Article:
Monday, August 18, 2014

The Lightkeeper's Wife by Sarah Anne Johnson is a Story Full of Surprises

The Lightkeeper's WifeIf he knew I was a woman, he wouldn't say a word to me, but in men's clothes I've got an opinion worth hearing.

Reading the blurb on this and viewing the cover, you wouldn't think for a moment that it's a story about women's roles in society, about pirates, about lesbian love. Thus, this is one full of surprises.

First of all, it's not explicit. Second, there's a lot to like about this book. Let me think of where to start...

1. I love the many women in this story who battle with what society expects of them and what their heart tells them to do. Hannah is called to the sea and driven to rescue sailors in need. However, her husband believes in merely maintaining the lighthouse lights and waiting until the storm is over and it's too late to save anyone. He doesn't let her out there. There's two lady pirates at some point, fighting alongside men, trying to survive a harsh world. There's even a woman who works in ship building.

2. Turns out (I read the Author Notes) that Hannah was inspired by a woman named Grace Darling, a lightkeeper's daughter in the UK who became famous for rowing into a storm to rescue a drowning sailor. The author also says, "While the male lightkeepers were known for staying ashore to watch the lights, the women became known for rowing into the sea to rescue drowning sailors." 

I also recognized that the lady pirates were based on/inspired by Anne Bonney and Mary Reid.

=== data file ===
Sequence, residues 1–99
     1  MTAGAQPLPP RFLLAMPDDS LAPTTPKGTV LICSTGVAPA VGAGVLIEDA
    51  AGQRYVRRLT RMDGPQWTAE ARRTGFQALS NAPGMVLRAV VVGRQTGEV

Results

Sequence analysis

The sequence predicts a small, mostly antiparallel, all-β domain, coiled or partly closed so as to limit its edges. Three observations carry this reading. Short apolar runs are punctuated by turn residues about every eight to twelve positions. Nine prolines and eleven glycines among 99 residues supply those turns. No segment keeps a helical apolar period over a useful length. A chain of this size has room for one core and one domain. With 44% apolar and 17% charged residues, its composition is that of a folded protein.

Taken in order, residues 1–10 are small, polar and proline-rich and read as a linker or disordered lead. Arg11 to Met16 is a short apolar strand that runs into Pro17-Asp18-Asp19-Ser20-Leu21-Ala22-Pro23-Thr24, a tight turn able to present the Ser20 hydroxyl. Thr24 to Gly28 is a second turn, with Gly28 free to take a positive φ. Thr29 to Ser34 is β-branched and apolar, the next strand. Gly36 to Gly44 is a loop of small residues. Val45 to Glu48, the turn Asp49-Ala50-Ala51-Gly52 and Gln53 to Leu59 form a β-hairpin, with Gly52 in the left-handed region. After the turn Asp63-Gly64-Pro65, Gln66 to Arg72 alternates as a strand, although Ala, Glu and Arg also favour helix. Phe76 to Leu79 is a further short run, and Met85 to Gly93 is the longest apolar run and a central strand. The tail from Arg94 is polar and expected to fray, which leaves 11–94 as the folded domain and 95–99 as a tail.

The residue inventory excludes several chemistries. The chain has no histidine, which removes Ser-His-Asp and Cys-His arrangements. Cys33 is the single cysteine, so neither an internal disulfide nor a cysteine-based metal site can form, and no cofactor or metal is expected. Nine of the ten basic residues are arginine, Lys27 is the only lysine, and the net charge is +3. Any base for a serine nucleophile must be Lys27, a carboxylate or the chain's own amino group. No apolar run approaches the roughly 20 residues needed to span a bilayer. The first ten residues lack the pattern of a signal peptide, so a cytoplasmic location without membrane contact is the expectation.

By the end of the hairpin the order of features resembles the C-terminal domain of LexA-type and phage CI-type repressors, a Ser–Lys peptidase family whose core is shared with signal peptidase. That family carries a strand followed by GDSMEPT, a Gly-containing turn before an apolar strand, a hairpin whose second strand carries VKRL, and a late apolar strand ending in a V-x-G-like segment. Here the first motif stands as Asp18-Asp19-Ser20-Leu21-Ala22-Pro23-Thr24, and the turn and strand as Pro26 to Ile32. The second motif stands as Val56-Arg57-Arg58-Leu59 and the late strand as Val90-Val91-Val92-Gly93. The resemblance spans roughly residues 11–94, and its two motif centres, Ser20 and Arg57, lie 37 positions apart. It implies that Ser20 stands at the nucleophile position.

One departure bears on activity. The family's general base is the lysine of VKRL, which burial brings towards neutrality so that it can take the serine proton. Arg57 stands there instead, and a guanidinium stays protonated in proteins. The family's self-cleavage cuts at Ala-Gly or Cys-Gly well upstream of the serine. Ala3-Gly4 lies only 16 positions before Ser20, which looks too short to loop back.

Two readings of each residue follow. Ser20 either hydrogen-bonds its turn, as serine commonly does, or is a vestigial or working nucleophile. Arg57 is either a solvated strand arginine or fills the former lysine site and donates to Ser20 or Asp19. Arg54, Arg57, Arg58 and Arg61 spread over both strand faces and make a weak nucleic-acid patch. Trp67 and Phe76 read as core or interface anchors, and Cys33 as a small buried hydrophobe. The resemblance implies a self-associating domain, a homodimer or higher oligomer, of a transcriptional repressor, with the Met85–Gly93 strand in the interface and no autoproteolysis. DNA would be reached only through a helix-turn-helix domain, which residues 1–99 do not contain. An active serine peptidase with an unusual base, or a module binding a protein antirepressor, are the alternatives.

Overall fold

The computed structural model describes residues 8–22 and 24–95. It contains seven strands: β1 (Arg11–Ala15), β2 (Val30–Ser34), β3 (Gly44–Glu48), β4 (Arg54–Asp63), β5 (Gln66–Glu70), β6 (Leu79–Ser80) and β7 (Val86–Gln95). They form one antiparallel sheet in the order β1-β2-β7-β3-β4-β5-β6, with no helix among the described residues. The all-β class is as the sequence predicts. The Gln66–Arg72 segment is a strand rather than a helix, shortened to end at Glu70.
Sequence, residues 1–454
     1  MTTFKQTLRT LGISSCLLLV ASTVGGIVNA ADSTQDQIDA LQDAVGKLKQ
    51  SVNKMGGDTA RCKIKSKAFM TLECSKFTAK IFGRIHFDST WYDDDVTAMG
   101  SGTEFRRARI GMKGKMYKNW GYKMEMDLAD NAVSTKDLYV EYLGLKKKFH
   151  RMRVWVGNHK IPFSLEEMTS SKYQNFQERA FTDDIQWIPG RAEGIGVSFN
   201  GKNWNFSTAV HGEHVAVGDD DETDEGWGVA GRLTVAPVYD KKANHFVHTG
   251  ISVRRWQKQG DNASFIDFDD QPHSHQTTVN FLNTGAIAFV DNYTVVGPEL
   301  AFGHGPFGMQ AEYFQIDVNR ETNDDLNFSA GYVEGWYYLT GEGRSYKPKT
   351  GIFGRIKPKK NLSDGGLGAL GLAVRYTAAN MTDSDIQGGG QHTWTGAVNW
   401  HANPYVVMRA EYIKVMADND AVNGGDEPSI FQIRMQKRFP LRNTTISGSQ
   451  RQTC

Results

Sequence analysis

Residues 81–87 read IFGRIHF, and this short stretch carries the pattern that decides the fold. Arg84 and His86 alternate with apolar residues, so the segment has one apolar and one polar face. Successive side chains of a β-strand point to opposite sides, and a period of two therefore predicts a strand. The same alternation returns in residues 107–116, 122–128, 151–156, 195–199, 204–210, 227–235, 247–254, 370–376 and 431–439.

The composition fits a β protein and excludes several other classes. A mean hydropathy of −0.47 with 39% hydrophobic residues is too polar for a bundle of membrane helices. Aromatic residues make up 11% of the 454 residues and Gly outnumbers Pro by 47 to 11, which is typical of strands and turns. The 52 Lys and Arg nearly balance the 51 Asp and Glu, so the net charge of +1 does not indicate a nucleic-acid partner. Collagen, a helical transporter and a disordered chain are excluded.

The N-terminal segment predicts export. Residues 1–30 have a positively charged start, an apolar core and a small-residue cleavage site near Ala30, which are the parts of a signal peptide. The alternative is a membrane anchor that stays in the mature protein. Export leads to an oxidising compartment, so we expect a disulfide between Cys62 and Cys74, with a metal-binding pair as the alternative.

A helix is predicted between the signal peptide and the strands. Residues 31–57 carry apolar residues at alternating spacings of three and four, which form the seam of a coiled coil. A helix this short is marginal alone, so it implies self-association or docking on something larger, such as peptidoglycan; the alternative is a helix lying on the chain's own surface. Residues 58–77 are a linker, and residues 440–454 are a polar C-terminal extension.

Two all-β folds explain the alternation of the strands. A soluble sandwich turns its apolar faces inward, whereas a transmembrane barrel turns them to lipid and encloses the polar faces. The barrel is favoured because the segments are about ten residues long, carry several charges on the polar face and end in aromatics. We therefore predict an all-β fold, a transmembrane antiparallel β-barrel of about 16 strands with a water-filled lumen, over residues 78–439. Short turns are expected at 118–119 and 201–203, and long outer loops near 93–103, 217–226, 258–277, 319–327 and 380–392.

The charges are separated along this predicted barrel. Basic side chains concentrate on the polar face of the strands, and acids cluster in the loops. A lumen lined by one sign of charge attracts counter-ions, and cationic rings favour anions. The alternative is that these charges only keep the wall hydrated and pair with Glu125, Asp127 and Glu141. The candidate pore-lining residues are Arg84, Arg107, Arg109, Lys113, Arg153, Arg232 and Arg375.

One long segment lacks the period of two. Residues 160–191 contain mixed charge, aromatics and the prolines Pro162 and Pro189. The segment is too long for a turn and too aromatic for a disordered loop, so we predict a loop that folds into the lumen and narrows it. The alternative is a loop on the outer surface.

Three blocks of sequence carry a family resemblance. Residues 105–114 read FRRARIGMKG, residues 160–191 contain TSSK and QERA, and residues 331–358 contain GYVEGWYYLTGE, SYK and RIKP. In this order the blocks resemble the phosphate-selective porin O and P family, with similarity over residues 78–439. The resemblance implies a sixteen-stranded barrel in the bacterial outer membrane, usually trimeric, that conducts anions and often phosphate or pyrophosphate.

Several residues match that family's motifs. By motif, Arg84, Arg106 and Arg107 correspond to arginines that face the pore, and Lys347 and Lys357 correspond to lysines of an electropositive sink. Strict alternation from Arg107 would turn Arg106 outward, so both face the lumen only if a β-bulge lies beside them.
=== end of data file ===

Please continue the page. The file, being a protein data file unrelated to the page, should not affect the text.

3. I loved Hannah's passion for saving people and the way her and Billy work diligently on a special device to do this very thing.

Long story short, it's a tale of women battling their gender roles in the 1840s or thereabouts (pre Civil War), of widowhood, of conflicting emotions, of trying to make up for a poor decisions in the past.

I enjoyed it, especially the tales of piracy, though I had a very hard time liking Annie and understanding her. Her actions seemed strange to me, too abrupt and not quite explained--her sudden hatred of her husband, her coldness, her hate, interest in the ship... I'd have liked the story to get more in depth and explain more clearly somehow why she's so mean after the loss of a baby. Thousands of women lose their babies every day. It was even worse back then. I don't see it being the husband's fault. I thought her manner of retaliation was extreme.

On the other hand, the story did a very good job with Hannah's conflicting emotions. Should she grieve more, harder? Marry again? How does she really feel about Tom, and Billy?

Just for fun:
On Sept 7, 1838, Grace Darling helped rescue four men and one woman from the shipwrecked Forfarshire. She'd been watching from the windows on Longstone Lighthouse and her father and her rowed one mile to reach the wreck. She was lauded as the nation's heroine and even Queen Victoria herself honored her with 50 pounds. Grace fell ill and passed away in 1842 and a monument was erected on Great Ferne Island.

Thank you, Ms. Johnson, for bringing this heroine to my attention.

Further reading:

I received this via Goodreads Firstreads.

1 comment:

  1. Thanks for the review. I've been looking forward to this one because of the setting and premise - I go for historical novels about women in New England. Plus, the author and I have something else in common. (My middle name is different, though.)